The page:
THE OUTFEST LEGACY PROJECT FILM GALLERY
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Charles Ludlam (1943-1987)
MUSEUM OF WAX (1987)
"Charles Ludlam is one of those people who, had he survived the AIDS epidemic, would be at the forefront of those shaping our collective NYC consciousness today with his art and commentary. Our loss. As a student I always wanted to see the unscreened 16mm films of Charles Ludlam, stowed away in some glittering watercloset, paralyzed in some penultimate state. Twenty years later they are discovered sitting on Everett Quinton’s shelf, patiently awaiting inquiry."
- Antony Hegarty (Antony & the Johnsons)
At the time of Ludlam's death in 1987, his films had not been completed. Queer/Art/Film, a monthly art and film series held in New York City, contacted Ludlam's partner, Everett Quinton, and original composer, Peter Golub, to aid in preserving the films; with their help, the films were transferred to video with new soundtracks by Golub. With Everett's kind permission, we have uploaded Ludlam's rarely seen short film, THE MUSEUM OF WAX, to the Film Gallery along with resources about Ludlam's career. The original 16mm film prints and new digital masters are now archived with the Legacy Project at the UCLA Film & Television Archive and will be preserved for generations to come!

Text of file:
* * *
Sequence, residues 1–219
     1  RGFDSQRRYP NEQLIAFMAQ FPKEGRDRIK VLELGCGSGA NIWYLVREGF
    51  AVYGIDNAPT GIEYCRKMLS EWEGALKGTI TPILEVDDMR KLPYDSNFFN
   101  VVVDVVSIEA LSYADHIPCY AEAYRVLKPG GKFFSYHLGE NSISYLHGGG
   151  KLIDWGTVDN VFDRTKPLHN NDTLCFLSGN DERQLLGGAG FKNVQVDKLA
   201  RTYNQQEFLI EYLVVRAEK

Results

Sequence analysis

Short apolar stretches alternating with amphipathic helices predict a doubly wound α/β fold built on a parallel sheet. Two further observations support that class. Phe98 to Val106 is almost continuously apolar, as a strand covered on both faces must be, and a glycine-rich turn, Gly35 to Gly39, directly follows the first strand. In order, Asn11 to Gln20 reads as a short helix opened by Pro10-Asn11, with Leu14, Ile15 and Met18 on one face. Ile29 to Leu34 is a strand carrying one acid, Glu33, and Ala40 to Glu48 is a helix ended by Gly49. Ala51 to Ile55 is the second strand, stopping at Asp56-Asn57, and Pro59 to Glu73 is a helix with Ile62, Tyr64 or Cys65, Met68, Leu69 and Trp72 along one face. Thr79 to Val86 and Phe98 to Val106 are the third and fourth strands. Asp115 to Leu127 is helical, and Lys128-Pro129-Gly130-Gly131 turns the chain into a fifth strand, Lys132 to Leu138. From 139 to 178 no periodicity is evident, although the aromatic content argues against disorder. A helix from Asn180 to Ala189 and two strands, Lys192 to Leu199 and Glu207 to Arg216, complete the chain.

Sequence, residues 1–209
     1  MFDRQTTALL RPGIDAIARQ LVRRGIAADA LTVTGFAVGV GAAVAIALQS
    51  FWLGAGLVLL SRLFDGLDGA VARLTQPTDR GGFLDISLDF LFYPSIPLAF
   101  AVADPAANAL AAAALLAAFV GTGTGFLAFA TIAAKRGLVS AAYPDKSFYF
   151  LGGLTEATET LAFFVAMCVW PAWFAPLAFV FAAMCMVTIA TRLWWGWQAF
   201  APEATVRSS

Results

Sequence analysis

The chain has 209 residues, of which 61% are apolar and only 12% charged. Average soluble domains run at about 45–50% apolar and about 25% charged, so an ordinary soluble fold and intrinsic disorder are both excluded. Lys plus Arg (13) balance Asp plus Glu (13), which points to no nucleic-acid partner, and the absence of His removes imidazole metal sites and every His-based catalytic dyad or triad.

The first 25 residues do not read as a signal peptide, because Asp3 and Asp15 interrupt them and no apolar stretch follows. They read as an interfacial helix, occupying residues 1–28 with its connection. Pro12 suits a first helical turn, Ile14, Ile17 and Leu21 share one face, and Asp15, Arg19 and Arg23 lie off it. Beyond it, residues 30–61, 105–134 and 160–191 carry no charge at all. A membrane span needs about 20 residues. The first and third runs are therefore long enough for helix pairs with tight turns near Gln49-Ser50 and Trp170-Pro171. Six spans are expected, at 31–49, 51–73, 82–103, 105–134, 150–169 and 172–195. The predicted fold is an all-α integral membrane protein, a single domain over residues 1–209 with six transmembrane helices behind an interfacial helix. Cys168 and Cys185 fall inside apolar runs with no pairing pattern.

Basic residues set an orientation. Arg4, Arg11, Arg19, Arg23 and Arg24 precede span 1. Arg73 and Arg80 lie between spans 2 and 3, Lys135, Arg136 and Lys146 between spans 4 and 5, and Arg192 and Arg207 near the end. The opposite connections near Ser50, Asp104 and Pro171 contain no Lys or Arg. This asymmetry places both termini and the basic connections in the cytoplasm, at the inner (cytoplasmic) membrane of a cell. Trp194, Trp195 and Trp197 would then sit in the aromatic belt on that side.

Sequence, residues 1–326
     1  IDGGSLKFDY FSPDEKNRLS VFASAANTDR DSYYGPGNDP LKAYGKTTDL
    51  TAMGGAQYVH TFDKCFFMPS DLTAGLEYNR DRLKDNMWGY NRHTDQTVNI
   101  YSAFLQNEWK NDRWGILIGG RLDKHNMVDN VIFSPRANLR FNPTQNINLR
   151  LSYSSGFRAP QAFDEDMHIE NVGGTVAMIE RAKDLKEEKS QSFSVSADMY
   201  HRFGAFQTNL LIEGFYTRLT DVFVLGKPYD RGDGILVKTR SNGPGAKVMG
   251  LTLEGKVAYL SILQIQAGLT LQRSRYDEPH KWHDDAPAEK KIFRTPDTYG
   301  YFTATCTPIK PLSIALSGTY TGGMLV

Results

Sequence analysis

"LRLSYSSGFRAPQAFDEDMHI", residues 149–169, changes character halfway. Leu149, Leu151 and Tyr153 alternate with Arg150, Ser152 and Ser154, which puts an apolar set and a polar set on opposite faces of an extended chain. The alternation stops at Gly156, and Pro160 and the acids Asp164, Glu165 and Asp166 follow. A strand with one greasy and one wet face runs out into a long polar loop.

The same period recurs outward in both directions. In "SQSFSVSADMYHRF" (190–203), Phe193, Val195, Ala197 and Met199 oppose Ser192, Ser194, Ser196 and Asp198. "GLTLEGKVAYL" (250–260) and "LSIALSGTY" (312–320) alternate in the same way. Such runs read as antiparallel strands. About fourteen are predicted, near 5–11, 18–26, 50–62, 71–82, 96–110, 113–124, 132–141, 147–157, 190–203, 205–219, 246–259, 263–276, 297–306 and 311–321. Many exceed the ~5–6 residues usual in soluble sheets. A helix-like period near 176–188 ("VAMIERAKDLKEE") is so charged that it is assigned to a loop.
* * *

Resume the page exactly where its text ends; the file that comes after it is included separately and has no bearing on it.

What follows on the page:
Please note: We will be screening Ludlam’s feature film, SORROWS OF DOLORES at Outfest 2010 on July 11th at 5pm at the Redcat Theater as a special Platinum/Legacy Project presentation.
Tickets will be available beginning June 7th for Outfest members. Click here for details.
Most gay theater either apologizes or pleads for mercy. What I do is not gay theater -- it's something much worse. I don't ask to be tolerated. I don't mind being intolerable.
- Charles Ludlam
Charles Ludlam grew up in Queens, New York, just a few subway stops from Greenwich Village, and the heart of Gay America. At twenty-four, he founded the Ridiculous Theatrical Company, where he wrote, directed and performed in almost every production for the next two decades, often with Everett Quinton, his life partner and muse, by his side. Renowned for drag, high comedy, melodrama, satire, precise literary references, gender politics, sexual frolic, and a multitude of acting styles, the Ridiculous Theater guaranteed a kind of biting humor that could both sting and tickle. His many plays included Turds in Hell, Der Ring Gott Farblonjet, a riff on Wagner's Ring Cycle, Bluebeard, and The Mystery of Irma Vep, his most popular play, and a performer's tour-de-force. Ludlam continued working until almost the day he died of PCP pneumonia, just three months after his AIDS diagnosis. He was 44.
WRITINGS ABOUT CHARLES LUDLAM
Archive Research & Study Center at UCLA – for more information on how to access the Outfest Legacy Project Collection and the UCLA Film & Television Archive
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